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What is the right way to respond to Covid-19? What is the right amount of panic? And precaution? How about the right amount of calm adherence to normalcy?

Because the Coronavirus is new, it is presenting us with a somewhat novel behavioural situation. The virus is spreading at different paces in different places, and countries around the world are producing highly variable responses to the pandemic.

Our species evolved to adapt to wildly different climates and landscapes primarily by learning from others. When presented with new challenges, our best bet is usually to look at how others around us are coping, and to copy their behaviour. In fact, much of human behaviour is influenced by what we believe about the behaviour of those around us. Just as early humans colonising the arctic would have learned from each other to keep warm and fish through ice, now our current population will look to neighbours and peers when deciding how to deal with the Coronavirus. But what if we face a challenge so new that no one really knows yet what the ‘best’ response is, or what if some do and others do not? How do we know who to copy? …


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Over the past decade, the field of applied behavioural science has developed an array of methods to influence public behaviour. Many involve behaviour change interventions that systematically alter one (or a handful) of characteristics in the environment in which people make choices and then test the effects of the new environment(s) against the original environment.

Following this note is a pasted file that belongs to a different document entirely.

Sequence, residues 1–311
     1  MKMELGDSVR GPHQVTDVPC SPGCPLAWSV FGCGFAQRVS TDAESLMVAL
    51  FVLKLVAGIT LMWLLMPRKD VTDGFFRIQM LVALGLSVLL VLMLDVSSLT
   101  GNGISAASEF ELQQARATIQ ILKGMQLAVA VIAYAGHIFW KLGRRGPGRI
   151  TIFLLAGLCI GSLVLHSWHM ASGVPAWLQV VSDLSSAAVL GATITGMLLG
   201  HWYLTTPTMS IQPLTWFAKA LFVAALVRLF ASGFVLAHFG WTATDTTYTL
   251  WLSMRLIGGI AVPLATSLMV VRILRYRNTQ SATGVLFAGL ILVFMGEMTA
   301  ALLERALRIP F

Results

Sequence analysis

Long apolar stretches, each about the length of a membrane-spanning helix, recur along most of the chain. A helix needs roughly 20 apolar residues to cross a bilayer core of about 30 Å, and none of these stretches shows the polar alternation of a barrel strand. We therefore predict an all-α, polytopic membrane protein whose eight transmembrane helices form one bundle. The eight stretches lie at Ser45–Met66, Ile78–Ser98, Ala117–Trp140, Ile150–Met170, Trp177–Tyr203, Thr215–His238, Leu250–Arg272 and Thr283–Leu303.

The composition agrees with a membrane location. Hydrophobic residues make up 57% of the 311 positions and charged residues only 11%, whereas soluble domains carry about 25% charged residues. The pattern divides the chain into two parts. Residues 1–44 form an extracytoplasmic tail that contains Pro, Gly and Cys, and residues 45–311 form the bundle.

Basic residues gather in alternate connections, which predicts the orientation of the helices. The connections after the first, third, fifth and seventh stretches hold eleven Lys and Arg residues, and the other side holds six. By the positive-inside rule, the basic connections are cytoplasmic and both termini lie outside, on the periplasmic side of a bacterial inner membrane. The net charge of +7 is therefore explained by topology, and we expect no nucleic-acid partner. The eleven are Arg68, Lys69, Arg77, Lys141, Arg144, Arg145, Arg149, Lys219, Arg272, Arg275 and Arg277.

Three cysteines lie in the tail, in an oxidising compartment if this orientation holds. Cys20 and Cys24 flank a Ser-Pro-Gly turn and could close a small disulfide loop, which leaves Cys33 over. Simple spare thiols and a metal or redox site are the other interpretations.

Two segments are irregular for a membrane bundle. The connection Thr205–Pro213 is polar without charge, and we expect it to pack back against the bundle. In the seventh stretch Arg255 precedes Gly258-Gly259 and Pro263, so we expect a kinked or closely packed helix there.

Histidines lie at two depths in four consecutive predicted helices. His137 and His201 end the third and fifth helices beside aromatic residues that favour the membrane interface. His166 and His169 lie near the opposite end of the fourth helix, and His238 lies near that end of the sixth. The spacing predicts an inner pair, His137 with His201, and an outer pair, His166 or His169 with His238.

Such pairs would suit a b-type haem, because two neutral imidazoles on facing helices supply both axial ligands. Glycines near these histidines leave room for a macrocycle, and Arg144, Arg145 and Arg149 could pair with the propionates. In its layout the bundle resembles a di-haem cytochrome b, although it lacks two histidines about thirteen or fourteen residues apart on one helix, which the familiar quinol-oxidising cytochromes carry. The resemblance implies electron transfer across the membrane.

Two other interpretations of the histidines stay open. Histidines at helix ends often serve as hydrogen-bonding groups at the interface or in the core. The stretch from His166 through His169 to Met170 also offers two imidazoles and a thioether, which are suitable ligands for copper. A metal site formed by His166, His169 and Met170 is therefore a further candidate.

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Imagine, if you will, that you’re participating in a resource dilemma. This shouldn’t be hard. We are all actually, at this very moment, participating in the largest resource dilemma our species has ever seen.

Let’s go on to say you’re an employee of a company. Let’s also say you love going on vacation with your family. You vote. You like sushi. You pay taxes, write thank you cards, and call your mum regularly. You do your laundry on Sundays and never (well, almost never) forget to bring the recycling out on Tuesday nights.

Now, let’s get back to your (our) resource dilemma. What even is a resource dilemma? …

About

Rebecca Koomen

Psychology Lecturer at University of Dundee, research in evolutionary & comparative psychology, focusing on environmental cooperation.

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